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District Five board member thinks new Amick’s Ferry Elementary a boondoggle before it starts

July 23, 2019

Chapin, SC (Paul Kirby) – Lexington Richland School District Five Trustee Ken Loveless recently spoke publicly about a new Amick’s Ferry Road Elementary School he believes is a mess before it starts. He pointed out flaws and inadequacies at a panel discussion organized by the Town of Chapin recently. 

 

Loveless was joined in the discussion by Chapin’s Mayor David Knight and Lexington County Councilmember Erin Long Bergeson. The three answered emailed questions submitted by the community. When brought up, the contentious school project was discussed in length by Loveless and Bergeson. It is Plan B after the tract first bought for an elementary school was deemed useless for that purpose. Loveless said that property had issues with its access road classification. This was bought before he was elected. It is closer to White Rock and Ballentine where an elementary school in the area is already under an enrollment freeze. Chapin Elementary’s enrollment is also frozen due to overcrowding. 

 

Loveless said that the Amick’s Ferry School would have a capacity of 650 students and would not be expandable. It has already been redesigned because Lexington County changed zoning classifications there increasing the setbacks and making some of the property unusable for the building itself. Loveless said that this caused the district to return to the drawing board and opt for a two-story design, something he believes is not optimal for an elementary school. 

 

Loveless told those in attendance, “This is not going to solve the problem,” referring to the school. He also called the school being built on former pastureland, “A big glass structure with some steel and brick.” He returned to that later in the discussion saying the school would be a shiny, “object,” in the middle of a field.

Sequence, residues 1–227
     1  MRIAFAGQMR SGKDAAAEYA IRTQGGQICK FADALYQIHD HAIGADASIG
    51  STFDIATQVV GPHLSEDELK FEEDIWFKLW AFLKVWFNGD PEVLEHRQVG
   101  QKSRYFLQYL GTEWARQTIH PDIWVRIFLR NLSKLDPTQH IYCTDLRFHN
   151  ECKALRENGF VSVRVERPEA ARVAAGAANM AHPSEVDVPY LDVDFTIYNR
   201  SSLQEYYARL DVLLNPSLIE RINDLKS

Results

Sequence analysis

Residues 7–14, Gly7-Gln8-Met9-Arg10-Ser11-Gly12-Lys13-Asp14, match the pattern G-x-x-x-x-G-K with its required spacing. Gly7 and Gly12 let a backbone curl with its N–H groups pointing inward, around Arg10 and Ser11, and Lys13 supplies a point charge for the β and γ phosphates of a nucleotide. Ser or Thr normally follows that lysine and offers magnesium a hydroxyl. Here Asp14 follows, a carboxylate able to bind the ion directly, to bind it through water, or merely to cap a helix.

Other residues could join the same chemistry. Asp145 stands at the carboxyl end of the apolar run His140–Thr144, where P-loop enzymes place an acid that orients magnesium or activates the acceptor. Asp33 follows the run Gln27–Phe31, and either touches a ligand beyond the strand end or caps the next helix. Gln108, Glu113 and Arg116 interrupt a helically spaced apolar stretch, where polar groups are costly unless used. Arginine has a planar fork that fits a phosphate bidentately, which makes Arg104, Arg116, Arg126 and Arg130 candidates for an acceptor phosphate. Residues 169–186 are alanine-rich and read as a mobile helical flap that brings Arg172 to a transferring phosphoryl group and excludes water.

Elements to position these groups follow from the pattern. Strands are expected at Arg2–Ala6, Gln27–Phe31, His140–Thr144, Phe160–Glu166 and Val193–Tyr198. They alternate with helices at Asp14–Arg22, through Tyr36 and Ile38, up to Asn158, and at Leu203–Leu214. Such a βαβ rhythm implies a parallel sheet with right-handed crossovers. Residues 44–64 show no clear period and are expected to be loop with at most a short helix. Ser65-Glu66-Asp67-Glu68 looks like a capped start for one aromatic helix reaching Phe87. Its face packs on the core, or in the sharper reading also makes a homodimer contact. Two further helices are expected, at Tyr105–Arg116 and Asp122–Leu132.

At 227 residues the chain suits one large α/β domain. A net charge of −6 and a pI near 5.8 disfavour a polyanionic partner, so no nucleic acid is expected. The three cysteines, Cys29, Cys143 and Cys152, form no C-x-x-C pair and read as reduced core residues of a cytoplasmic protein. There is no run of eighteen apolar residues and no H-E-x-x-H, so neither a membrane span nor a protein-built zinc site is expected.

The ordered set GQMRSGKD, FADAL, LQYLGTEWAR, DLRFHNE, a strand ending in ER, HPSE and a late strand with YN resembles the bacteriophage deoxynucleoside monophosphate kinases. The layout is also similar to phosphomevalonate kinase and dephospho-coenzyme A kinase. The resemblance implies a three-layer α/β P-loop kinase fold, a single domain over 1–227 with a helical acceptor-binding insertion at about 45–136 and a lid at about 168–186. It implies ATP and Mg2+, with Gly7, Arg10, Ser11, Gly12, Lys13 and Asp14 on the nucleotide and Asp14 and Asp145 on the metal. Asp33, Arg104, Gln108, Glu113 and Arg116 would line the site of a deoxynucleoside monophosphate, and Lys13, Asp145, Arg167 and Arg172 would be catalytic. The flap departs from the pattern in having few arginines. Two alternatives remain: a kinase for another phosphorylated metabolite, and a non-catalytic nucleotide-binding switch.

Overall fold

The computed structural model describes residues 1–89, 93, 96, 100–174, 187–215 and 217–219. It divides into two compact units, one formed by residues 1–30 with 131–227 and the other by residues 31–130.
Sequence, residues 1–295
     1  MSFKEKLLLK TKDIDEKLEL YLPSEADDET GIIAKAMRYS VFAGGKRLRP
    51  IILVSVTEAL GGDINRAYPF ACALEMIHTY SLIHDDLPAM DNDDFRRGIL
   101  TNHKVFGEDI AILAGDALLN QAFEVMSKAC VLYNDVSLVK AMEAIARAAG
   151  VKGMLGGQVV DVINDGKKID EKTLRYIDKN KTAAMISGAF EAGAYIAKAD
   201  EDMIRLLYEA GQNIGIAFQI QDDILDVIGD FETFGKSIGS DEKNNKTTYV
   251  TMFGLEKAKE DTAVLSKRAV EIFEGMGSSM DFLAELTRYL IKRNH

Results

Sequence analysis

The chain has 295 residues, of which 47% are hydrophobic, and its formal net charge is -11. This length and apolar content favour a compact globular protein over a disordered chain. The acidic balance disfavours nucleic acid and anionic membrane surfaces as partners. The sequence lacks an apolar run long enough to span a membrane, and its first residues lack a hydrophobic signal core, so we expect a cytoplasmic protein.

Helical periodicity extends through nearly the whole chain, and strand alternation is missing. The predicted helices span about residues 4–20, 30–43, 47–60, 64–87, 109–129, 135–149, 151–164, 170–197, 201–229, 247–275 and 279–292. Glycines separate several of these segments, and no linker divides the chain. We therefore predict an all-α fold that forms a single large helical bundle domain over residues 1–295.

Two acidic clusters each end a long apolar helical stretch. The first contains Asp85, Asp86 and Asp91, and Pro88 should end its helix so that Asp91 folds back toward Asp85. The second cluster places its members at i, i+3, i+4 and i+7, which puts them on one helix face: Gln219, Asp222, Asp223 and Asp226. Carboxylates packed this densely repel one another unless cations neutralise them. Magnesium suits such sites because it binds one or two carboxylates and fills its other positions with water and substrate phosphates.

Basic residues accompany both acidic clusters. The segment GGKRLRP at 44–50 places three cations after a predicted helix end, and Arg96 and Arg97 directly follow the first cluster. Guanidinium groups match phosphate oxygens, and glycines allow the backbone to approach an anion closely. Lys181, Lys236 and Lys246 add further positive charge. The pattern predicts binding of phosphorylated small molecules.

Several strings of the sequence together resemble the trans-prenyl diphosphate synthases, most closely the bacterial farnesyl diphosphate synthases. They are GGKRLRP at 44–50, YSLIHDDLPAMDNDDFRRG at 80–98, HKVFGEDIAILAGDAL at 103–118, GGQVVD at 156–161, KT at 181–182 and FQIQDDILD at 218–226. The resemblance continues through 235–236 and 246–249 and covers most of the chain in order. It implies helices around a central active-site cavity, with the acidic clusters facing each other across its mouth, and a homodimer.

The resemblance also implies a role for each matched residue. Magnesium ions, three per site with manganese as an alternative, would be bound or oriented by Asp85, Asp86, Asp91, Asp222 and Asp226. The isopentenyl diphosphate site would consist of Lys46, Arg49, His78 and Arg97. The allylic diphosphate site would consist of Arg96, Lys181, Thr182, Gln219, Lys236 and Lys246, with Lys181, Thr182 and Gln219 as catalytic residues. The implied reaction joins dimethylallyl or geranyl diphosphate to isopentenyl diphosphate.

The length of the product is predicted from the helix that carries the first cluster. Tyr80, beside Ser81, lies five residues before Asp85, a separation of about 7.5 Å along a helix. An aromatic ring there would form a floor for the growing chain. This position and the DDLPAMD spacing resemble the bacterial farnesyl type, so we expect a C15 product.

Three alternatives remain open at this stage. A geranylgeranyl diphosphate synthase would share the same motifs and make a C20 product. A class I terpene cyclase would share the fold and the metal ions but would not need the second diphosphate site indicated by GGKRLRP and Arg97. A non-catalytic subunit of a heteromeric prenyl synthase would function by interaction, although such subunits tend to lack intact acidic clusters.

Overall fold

Loveless said he had researched the median cost of elementary schools across the nation. He compared that number against the estimated maximum cost of the Amick’s Ferry school, $24 million dollars. He said this is well above the national median. He said the national median cost included states like California and New York where materials and unionized labor make construction more expensive.

 

Citizens living in the Chapin and the Amick’s Ferry peninsula have vocally complained about the district’s plan to build there. Most of the traffic in and out travels through a key signal in the town. That intersection at Amick’s Ferry and Chapin Road is already congested daily. Most say added traffic from the school will only exacerbate  that problem. Loveless said citizen’s concerns about a traffic signal at Lake Tide and Amick’s Ferry Road wouldn’t be immediately addressed by the SCDOT. He said he understood coming improvements at that intersection would have wiring and some other infrastructure for a signal, but no signal was being installed soon.

 

County Councilmember Erin Long Bergeson also took issue with District Five’s leaders. She said the county had reached out to them to plan for growth together but had been rejected. She said when the county contacted the district, they received no call back. She pointed out that Lexington District One was working closely with the county to plan for growth in its attendance areas. 

 

Loveless finished the evening by pointing out the shortcomings of the school design he’d seen in preliminary plans. One issue he addressed was large glass windows being designed. He said the added cost of maintenance, plus higher utility cost because of the sun’s heat allowed by these windows, made them a poor design choice. Loveless has been in commercial construction for more than 35 years and isn’t building schools. He’s pointed out before he’s never done any building for District Five. 

 

A need for a Performing Arts Center and a new football stadium in Chapin were more reasons to economize where possible according to Loveless. He said arts programs in Chapin had to, “Beg churches to let us perform.” He also said that Chapin’s move to 5-A classification made a new stadium more pressing.Loveless said if Chapin makes the playoffs, they wouldn’t be able to host home games because of capacity issues on the visitor’s side of the field. 

 

The people of the district elected Loveless in 2018. One of his campaign issues was his experience in commercial construction. He knows how to read plans and identify budget engineering that makes building more efficient. When he’s been in opposition to projects that were engineered for looks and theory, he said he’s been against the largest portion of the board who overrode him.

 

 

 

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